So proposed a commenter in response to my post last week about the Qualcomm presentation on what it called “myths” about electronic onboard recorders. The commenter, an independent owner-operator posting here as “Hammer lane,” made what I thought was a salient argument for a return to some kind of regulated detention pay. Here’s the meat of what was said:
In all the discussion of electronic onboard recorders [EOBRs], I rarely see mention of the days spent at shippers’ and receivers’ facilities loading and unloading. They hurt. Not once have I seen detention pay for being held one, two, three hours or sometimes even more. As a general rule I think it should be capped at one free hour and everything else should be charged a fair rate of $65 per hour.
An advantage that the big carriers have over the small ones is the ability to have a trailer pool, which means a driver doesn’t have to wait to get loaded or unloaded. Having the ability to “drop and hook,” as opposed to waiting to get offloaded or loaded, greatly reduces stress on the driver and company. Small carriers are at a disadvantage, because I don’t think I could swing another $350 trailer payment. Furthermore, I can’t hire someone to haul it to a shipper for me to get it loaded with product….
It’s no secret that, as our recent round-up of voices on the detention-pay issue suggested, the deterioration of driver pay conditions in trucking since early 1980s deregulation has been compounded by tightened restrictions on drivers’ hours and little to no improvement in compensation for detention at shippers’ and receivers’ facilities. Though while a return to regulating certain aspects of pay such as detention may sound favorable to many, and the Federal Motor Carrier Safety Administration has a long-term look under way at the extent of the uncompensated detention problem that could lead in that direction, the hold that deregulatory philosophies have on the big-business climate is a huge barrier. We’ve been down that conversational road here on the blog before, when I reported on the House of Representatives’ small-business committee’s hearing on the Compliance Safety Accountability (CSA) program’s independent-trucking-business effect. Recall what broker Jeff Tucker had to say about the government getting back into the business of price regulation:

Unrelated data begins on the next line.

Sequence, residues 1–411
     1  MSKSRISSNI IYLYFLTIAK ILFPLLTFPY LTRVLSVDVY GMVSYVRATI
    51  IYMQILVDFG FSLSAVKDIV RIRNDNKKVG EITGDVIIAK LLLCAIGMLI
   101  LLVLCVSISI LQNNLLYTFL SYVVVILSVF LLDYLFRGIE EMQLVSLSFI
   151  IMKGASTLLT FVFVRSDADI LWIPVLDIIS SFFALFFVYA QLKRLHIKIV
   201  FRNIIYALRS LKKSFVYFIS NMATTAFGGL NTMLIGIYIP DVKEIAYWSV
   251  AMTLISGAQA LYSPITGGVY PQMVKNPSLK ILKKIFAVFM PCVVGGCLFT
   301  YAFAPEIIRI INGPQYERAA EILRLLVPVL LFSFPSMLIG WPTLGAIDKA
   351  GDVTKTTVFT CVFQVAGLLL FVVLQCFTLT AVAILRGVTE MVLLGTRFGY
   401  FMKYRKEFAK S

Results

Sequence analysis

I would hesitate going down the road of somehow regulating pricing for trucking. It will be something that industry will rail against. You’ll have the National Association of Manufacturers and every other association screaming — it will be a bloody war… and eventually it will raise prices to all of us.
The explosion of often cutthroat competition in the industry to this day, if “Hammer lane” is correct, however, has led to an untenable situation for small businesses in transportation. EOBRs and further rigidity in the hours of service are the last piece of the equation, and to him they represent no less than a sort of last brick holding up the wall that is his owner-operator business’ viability. Here’s how he concluded his commentary: “Currently, with the way I run my business I am lucky to see a 20 percent profit margin. More realistic numbers show anywhere from 10 to 15 percent. Considering all the issues I just spoke of [detention, the advantages of large carriers] staying the same, after the new hours of service and EOBR mandate become law, I will be lucky to see a zero to 5 percent profit margin. At those margins, I am better off finding another line of work. This is not the way the American life was meant to be.”
Affected tractors are equipped with an automated Eaton UltraShift Plus or Eaton Advantage Transmission with right hand stalk shifter. In the affected trucks, the display on the instrument panel can indicate “N” when the shifter is set into “D” or “R,” causing the truck not to move.